Wednesday, October 5, 2011

Book of War Core Rules Justification Part 2

I usually don't trust myself to do a computation just once. Customarily I try to construct: (1) a procedural computer simulation, and (2) a formal math calculation, and if the two results synch up together, then I can have some confidence in them.

So last time I presented the Java computer-simulation version of the Book of War Core Rules mechanic (the 3/4/5/6 target on d6 to score a hit on a 1:10 scale figure wearing no armor/leather/chain/plate). For me, that's always the more concrete demonstration, but the truth is that we don't really need it: we can also do a direct math calculation.

Let's just do one case as an example. Say you've got normal men attacking normal men in chain mail (no shield: AC 5). Per the OD&D hit chart, those men hit on a score of 14 or more on d20; i.e. (excluding the lower 13), 7 chances in 20, or probability 7/20 = 0.35. From prior work, we know that on average it takes 1.52 successful hits to kill a 1-HD man. (See the two proofs of that here and here). The one attack roll per BOW turn represents 3 D&D rounds, with 5 men along the front line attacking, but it takes 10 kills before a whole mass figure is eliminated. So the expected value (probability) of figure kills each turn is:

0.35 × 1/1.52 × 3 × 5 / 10 = 0.345

Note that all the factors after the initial probability basically cancel out; so, the probability of a hit in D&D is basically the same as the probability for a figure-hit at our chosen BOW scale! So nice. In any event, we can convert this probability to a d6 target value using our standard formula:

7-6*p = 7-6*(0.345) = 4.93 ≈ 5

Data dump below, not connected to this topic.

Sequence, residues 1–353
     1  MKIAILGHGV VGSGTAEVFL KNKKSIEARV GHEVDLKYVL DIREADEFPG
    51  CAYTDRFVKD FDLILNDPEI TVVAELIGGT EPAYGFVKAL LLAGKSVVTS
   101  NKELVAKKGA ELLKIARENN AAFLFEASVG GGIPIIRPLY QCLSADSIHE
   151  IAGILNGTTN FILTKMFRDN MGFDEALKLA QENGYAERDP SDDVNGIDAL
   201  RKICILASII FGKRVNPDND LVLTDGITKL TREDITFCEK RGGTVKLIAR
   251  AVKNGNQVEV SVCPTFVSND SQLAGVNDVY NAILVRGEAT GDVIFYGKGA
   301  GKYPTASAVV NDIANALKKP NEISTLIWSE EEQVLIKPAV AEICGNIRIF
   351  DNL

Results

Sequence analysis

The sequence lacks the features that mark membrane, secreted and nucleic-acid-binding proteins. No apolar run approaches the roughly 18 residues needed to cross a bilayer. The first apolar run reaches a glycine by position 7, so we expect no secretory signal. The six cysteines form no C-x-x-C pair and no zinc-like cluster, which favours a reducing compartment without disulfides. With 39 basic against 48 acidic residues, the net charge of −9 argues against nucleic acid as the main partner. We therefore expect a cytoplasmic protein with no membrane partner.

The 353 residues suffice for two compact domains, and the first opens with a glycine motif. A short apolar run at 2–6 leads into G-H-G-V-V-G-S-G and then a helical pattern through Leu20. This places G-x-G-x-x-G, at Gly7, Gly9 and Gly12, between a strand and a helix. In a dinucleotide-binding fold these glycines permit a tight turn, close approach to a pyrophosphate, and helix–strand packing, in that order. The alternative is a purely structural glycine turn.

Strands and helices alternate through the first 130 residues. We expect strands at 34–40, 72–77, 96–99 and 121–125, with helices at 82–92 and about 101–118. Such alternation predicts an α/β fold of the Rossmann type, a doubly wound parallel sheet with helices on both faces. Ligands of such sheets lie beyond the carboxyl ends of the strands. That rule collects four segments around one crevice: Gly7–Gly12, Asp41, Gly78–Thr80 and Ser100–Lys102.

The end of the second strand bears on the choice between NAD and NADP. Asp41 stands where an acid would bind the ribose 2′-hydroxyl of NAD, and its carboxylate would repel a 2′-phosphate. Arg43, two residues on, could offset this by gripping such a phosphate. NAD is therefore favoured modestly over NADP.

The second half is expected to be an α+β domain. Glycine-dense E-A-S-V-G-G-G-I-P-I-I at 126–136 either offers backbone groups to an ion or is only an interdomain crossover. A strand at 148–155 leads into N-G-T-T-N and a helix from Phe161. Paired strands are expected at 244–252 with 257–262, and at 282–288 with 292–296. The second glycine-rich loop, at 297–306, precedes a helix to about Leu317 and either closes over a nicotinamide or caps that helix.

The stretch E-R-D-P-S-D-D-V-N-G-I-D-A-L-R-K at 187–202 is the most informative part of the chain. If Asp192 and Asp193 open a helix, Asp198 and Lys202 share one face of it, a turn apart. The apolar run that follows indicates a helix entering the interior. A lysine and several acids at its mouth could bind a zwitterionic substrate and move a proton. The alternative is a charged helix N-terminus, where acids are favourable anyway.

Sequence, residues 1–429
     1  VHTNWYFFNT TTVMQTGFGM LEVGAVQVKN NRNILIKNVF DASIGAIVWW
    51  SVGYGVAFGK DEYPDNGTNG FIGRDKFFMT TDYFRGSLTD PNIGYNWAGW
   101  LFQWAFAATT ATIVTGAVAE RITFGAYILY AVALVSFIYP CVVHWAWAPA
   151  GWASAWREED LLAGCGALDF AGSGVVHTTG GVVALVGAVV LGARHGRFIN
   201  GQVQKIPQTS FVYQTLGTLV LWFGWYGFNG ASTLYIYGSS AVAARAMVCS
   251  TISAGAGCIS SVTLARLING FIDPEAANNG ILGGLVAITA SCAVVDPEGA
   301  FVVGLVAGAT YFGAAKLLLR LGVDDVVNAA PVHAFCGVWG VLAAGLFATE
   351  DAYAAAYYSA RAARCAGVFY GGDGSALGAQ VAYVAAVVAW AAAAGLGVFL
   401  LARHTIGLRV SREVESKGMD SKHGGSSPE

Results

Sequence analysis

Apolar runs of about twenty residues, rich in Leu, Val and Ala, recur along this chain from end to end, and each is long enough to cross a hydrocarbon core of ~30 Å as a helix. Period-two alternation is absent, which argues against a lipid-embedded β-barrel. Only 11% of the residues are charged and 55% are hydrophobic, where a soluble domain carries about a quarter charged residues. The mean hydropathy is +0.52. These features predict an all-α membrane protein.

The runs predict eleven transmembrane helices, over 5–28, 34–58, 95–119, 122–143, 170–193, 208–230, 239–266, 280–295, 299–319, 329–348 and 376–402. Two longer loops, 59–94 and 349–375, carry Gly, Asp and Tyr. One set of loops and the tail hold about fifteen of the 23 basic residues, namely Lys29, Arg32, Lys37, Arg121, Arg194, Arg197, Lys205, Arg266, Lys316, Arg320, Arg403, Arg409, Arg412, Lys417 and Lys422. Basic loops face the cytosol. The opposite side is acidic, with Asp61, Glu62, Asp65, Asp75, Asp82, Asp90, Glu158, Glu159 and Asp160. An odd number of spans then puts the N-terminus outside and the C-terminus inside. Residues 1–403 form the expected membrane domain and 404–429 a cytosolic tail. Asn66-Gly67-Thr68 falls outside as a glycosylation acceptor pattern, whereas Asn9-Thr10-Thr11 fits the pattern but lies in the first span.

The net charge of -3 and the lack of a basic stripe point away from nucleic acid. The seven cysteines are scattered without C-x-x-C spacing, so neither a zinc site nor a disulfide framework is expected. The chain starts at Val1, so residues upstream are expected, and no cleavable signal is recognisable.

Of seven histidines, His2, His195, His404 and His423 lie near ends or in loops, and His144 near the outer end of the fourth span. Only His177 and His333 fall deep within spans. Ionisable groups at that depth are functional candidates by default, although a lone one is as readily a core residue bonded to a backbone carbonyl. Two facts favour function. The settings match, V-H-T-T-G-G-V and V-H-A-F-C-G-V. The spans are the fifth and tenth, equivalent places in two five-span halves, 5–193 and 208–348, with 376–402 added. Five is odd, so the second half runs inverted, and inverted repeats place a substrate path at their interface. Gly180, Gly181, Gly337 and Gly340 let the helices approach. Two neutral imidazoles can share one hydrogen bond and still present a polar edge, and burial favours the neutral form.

And of course, that's the same "AH 5" value that we've been claiming all along for targets in chain mail armor. Moreover, we can do this for every possible AC value if we want to be really careful with it. Here's the result:

(Click above for a PDF version. Or click here for an Excel spreadsheet, if you want to tweak or check the calculations.) Okay, so it turns out that the totally correct conversion isn't exactly just a divide-by-3 operation, but it's really close. Leather & shield should technically be AH5 according to this, like basic chain mail. And we can also see what should happen for mega-hardened AC values at the bottom of the chart (clearly unhittable by normal men in OD&D).

This table actually appears in the Book of War Optional Rules section at the back, in case anyone wants to be totally precise with that. But for most purposes, I'm very happy with the 3/4/5/6 per armor-type Core Rule, being exceedingly simple and elegant. The other thing noted in the table is that while in OD&D, normal men can hit AC -1 on a perfect 20, this 1-in-20 chance is negligible in terms of d6 success rates; so, for example, I'm pretty happy with the language in the heroic-level section wherein I summarize this as, "characters with negative ACs are given AH 7" (or greater) [BOW, p. 13].

One final thing to keep in mind: We've now twice-confirmed that the expected values of BOW combat are the same as D&D combat played tens or hundreds of men at a time (i.e., on average, BOW combat produces the same results as D&D combat). But what could not be kept identical with the scale-switching was the variance of the results; that is, BOW combat should be more "swingy" than if you really played out mass combat at the D&D man-to-man scale. (My estimate is that standard deviation has been multiplied by a factor of √15 = 3.87 , since one BOW roll represents 15 D&D attacks; but maybe less than that because damage hit point rolls have been abstracted out of the equation?) Personally I don't mind that, since it says that we're giving the underdog a bit more chance to come out on top, say.

Nevertheless, in practice we've actually found that games at equal point-values (and no enormous mistakes by either player) tend to be almost supernaturally even; we've seen lots of games that come down to the last two opposing figures on the table, with a single hit determining the victor (even if the game swung back-and-forth before that, over the course of play). So our confidence that Book of War is a game balanced unto itself is also quite high. More on why that's the case a bit later.

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